For anyone signing a book contract, whether it’s with a literary agent or a film producer, I’ll leave you with an important piece of advice from a talk I attended at my local Mystery Writers of America chapter. Literary attorney Jonathon Kirsch’s warning, ‘don’t sell your characters,’ was worth several times my dues. Read those contracts carefully. You may find that rather than simply licensing the use of your characters, you’re given up the rights to them, which could potentially have a big impact on your future career and earnings.
Four Claudia Rose books are currently in print (Poison Pen, Written in Blood, Dead Write, Last Writes). The fifth, Inkslingers Ball, is in the works. You can read excerpts here:

Meanwhile, I’ve written a standalone about a young woman with amnesia, in which my series characters, Claudia Rose, Detective Joel Jovanic, and psychologist Dr. Zebediah Gold, play important an role. What She Saw is about to be released to Kindle....any minute now. Stay tuned.

Oh, one more thing--I'm truly honored to be invited to join CFC. Looking forward to sharing with all of you.


  1. Congratulations on your option! Very exciting news that I hope comes to fruition. Good advice on the characters as well. Having an entertainment lawyer review all contracts is a great idea.

    Welcome aboard!

  2. Welcome, Sheila! I've enjoyed Claudia Rose and was honored to beta read your standalone, WHAT SHE SAW. Cool cover, by the way.

    I would love to host a premier party for the large or small screen debut!

    Excellent advice on keeping a tight hold on your characters.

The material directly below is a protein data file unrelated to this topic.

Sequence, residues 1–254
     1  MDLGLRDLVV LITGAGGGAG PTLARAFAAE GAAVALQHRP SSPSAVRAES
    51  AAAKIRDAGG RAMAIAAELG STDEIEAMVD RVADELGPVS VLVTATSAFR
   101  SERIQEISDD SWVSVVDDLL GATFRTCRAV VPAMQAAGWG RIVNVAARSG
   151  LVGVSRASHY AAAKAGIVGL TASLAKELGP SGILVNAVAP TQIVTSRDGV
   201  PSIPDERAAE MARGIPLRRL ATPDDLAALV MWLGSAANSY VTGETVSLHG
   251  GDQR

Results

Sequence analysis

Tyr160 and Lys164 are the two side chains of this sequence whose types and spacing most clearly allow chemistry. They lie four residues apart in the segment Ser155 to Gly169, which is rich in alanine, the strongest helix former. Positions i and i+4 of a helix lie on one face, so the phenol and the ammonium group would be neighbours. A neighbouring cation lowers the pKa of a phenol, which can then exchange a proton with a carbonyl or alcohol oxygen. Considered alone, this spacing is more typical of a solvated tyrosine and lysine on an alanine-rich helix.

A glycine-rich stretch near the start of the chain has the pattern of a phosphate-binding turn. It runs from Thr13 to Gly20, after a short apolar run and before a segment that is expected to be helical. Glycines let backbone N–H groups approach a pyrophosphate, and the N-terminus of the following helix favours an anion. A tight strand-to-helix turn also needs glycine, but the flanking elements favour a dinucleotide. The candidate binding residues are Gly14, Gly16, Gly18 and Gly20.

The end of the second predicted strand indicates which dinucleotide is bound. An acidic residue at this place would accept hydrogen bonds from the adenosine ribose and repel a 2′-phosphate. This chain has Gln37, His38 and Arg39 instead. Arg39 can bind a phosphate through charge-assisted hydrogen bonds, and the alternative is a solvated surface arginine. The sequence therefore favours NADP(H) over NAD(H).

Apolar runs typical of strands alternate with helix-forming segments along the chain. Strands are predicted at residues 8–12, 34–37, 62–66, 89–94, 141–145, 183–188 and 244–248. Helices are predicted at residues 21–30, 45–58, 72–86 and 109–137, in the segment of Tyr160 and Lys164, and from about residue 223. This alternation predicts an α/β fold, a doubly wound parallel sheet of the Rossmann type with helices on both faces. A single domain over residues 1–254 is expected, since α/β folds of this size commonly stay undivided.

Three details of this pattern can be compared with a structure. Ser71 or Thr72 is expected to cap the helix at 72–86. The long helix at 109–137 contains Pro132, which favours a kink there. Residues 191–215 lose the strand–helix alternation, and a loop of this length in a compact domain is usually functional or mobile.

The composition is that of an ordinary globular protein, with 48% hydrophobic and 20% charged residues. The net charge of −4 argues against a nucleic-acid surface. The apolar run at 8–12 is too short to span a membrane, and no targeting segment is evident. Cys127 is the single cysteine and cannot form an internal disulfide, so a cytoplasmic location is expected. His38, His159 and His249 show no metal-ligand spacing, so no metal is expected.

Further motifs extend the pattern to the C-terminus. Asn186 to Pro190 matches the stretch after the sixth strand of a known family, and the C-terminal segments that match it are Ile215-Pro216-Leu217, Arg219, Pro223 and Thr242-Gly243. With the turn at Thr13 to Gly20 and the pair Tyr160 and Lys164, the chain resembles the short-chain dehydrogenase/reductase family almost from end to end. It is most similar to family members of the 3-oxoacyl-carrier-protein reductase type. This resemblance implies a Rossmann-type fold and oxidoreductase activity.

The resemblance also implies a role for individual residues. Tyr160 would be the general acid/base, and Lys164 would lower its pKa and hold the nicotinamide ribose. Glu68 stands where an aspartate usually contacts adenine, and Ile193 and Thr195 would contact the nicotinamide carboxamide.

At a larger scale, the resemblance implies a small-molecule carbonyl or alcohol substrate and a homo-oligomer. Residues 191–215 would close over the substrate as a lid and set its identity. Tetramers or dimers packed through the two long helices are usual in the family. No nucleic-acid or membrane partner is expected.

3. Thanks, both of you! And Peg, I can see that party in my head, so it will happen!

  4. Welcome, Sheila. What exciting news! Fingers and toes are crossed, even though it makes typing and walking a challenge.

  5. Welcome to CFC, Sheila! And that is so exciting! Given that the producer read your books and then approached you, it seems like your chances are really good. Hope to see one or more of your books on the big or little screen soon!

  6. Interesting post and congratulations. Best of luck, Sheila. May your dreams be realized.

  7. I could keep fingers and toes crossed and use Dragon Naturally Speaking to write--that wouldn't help walking, though...and just as long as they don't make Claudia young, skinny, and blonde, I can live with it.

  8. Keeping my fingers crossed. Sorry my toes are to short to cross, they'd just slide off if I manually crossed them. Love these characters and would love to see them on film or a TV series would be even better. Can't wait until you new book comes out on Kindle. Wishing you all the best.

    Pat Marinelli

  9. Thank you, Pat. I promise, What She Saw will be out soon--right after Mercury goes direct LOL.

  10. Welcome and congratulations! CFC is a fun, supportive place.

    (Can you analyze illegible handwritings?:)

    1. David, the answer is yes. You don't have to be able to read a handwriting to analyze it, just like analyzing foreign-language handwriting, including Hebrew, Arabic, etc. It's all about space, form, and movement!

  11. Sheila ~ I'm very excited for you! I'll keep my fingers crossed too!